I went to a lot of these festivals in the 90's, and eventually came to the conclusion that I'd rather see 2 or 3 bands play in a small club. You lose the focus and intensity with these all-day events, and as they added a second stage, and a third stage for local bands, and a DJ tent, a poetry tent, a comedy tent, whatever, it just gets more and more diffused. But now I'm starting to come around to the idea that these all-day festivals are really for people my age. 40-somethings who don't go to a lot of shows, but like having big day-off events to plan their weekends around.

Monday, December 12, 2011

The Black Marble (Harold Becker, 1980)

I have vague memories of seeing this movie on HBO back in middle school. Well, mostly I remember one scene, involving Harry Dean Stanton, a phone booth and a fire hose. The scene wasn't quite as funny as I remembered it from when I was 12, but still a good larf. The only other thing I remembered about it was that there was a blonde with huge tits, which was true enough:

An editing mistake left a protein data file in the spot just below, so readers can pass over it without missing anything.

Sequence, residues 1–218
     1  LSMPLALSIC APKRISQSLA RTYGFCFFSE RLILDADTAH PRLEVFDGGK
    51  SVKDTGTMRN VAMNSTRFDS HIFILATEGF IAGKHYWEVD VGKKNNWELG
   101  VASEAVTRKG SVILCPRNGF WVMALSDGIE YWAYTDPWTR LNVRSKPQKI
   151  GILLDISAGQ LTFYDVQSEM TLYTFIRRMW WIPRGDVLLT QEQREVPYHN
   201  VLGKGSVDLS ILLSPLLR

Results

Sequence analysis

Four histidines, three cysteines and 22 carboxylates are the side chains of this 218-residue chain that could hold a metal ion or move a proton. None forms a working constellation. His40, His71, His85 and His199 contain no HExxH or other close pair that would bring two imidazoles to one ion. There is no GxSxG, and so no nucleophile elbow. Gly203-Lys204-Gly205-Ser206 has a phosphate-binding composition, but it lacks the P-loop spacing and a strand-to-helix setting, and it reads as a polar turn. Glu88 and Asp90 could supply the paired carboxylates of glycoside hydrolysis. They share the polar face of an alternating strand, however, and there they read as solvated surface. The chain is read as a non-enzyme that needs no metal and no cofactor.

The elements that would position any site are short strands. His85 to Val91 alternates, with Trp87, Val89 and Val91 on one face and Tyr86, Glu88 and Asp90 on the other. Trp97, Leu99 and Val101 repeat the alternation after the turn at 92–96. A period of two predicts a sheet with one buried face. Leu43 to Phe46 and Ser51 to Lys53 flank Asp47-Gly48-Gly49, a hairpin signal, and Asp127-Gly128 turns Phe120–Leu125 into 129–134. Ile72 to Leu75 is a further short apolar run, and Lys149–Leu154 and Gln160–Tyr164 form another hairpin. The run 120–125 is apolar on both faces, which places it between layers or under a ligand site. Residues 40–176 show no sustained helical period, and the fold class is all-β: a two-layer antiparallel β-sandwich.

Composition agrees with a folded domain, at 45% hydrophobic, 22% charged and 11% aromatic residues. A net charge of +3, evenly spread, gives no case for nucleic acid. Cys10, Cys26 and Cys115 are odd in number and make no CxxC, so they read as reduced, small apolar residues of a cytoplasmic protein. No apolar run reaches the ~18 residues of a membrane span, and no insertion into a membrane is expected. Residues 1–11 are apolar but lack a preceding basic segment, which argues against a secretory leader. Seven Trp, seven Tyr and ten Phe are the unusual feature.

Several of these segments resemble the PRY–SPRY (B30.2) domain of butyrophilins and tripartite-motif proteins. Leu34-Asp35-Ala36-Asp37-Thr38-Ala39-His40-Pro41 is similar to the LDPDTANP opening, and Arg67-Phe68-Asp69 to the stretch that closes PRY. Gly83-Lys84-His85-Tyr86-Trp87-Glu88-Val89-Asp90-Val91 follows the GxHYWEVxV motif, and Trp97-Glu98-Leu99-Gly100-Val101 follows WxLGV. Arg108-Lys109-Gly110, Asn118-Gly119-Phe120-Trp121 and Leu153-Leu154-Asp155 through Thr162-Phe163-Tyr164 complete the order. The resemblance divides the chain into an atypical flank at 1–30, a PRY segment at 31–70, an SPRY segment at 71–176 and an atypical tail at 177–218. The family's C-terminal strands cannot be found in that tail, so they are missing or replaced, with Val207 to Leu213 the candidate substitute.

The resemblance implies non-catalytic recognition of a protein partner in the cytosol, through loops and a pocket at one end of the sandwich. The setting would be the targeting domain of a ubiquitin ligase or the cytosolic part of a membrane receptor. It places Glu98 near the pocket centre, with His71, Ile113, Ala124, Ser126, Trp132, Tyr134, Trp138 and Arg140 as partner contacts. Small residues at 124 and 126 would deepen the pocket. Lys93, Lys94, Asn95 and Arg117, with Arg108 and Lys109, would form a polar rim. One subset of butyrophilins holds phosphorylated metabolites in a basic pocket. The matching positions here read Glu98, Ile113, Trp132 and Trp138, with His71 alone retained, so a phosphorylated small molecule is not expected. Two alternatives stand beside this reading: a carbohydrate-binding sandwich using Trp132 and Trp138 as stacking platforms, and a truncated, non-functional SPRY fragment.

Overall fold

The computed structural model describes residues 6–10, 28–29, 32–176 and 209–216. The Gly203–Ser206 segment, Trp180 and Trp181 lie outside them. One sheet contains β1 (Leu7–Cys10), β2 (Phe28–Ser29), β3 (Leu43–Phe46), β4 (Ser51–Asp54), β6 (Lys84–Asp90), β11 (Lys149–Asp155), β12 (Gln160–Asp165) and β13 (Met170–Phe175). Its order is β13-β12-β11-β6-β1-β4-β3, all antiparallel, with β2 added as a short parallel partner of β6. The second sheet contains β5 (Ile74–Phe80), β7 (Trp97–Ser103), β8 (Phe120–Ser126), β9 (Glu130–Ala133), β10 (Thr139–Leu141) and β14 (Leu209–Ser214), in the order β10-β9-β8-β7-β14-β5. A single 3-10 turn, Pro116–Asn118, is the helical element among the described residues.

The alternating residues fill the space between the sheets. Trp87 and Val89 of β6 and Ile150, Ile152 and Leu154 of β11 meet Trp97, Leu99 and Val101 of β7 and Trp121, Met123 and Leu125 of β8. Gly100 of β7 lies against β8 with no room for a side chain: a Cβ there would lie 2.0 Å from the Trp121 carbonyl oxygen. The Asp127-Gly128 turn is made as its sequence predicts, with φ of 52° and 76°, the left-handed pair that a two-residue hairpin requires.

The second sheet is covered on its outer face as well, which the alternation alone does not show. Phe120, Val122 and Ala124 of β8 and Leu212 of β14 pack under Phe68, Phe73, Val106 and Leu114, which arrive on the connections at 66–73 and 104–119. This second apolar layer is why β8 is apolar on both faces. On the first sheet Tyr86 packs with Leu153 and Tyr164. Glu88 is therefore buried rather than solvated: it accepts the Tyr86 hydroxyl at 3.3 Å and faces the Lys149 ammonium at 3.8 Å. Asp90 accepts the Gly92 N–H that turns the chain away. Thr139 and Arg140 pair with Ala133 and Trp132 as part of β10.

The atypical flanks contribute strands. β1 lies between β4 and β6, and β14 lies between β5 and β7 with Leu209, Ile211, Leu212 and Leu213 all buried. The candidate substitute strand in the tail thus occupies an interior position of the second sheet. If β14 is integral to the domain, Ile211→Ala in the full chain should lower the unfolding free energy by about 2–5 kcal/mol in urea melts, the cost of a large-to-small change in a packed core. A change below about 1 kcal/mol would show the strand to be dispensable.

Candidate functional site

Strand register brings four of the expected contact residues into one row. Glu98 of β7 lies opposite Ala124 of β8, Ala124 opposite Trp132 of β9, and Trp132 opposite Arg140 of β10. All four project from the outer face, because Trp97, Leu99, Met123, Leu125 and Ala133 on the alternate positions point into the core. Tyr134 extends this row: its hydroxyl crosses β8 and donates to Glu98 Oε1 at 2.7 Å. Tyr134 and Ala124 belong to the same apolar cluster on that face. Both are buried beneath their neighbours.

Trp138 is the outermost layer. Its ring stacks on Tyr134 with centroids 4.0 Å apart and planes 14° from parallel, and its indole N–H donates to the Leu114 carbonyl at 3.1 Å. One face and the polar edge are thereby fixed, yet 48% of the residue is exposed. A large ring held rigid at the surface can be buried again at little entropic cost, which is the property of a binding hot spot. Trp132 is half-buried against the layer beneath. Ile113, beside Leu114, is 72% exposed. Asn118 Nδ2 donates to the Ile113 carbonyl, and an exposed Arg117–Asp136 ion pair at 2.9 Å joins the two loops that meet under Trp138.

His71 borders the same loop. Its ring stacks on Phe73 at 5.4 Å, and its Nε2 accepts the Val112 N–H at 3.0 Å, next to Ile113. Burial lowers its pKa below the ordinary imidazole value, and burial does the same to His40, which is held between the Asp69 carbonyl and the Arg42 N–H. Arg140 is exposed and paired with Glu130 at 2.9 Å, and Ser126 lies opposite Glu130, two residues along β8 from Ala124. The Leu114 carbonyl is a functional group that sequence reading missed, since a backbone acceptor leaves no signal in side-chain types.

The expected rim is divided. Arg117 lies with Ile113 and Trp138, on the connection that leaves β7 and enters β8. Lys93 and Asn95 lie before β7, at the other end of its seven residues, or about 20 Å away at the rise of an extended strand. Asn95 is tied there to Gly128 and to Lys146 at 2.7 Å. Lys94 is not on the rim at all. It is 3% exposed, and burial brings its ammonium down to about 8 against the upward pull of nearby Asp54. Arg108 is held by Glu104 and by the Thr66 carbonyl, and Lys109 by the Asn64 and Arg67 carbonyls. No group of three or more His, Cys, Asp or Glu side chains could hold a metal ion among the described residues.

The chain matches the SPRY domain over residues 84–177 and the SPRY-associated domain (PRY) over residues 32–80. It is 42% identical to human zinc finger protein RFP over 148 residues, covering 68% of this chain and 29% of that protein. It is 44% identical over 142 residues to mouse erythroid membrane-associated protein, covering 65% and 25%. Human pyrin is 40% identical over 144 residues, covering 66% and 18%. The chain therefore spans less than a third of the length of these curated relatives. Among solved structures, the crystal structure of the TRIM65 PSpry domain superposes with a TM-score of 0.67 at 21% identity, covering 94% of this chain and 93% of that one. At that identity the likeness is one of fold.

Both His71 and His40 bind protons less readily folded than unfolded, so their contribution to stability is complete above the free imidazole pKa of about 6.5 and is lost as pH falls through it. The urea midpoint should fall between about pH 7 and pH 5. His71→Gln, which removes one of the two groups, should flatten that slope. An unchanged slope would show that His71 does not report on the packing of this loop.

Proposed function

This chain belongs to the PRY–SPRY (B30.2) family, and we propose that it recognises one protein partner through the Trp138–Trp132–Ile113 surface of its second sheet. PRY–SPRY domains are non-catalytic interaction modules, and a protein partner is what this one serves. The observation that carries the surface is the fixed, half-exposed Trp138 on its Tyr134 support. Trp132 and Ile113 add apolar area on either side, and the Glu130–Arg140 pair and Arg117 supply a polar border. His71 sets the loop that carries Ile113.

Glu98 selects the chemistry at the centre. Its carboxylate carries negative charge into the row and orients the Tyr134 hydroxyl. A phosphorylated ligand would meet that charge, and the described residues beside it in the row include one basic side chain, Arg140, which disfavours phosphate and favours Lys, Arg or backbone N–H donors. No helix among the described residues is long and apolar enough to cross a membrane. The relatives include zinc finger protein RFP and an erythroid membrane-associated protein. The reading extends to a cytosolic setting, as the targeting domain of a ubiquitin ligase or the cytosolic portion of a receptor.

It's your basic buddy cop movie, with the two lead performances both far too broad, but Harry Dean Stanton as the villain is just fantastic (is he ever not? No, seriously, can you think of a bad H.D.S. performance?), totally scuzzy and repulsive. But what I really enjoyed about it was the footage of L.A. from 30 years ago, a good 15 years before I'd ever set foot here. My hometown in South Florida developed so quickly that I could barely recognize the town of my 70's childhood when I went back to visit through the early 90's. As Atlanta expands it's metro-reach, Bobbie's hometwon has gone from being a one-horse, middle-of-nowhere town to basically being a suburb of Atlanta. But so little looks as if it has changed in L.A. since 1980. Throughout the film, I recognized buildings, stretches of freeway, Highland Park Police Station, all looking pretty much like they look today. The opening credits feature a shot of Hollywood from somewhere above the 101. The camera does a slow, 360-degree pan, showing us the Hollywood Tower, the Hollywood Sign and mansions in the hills.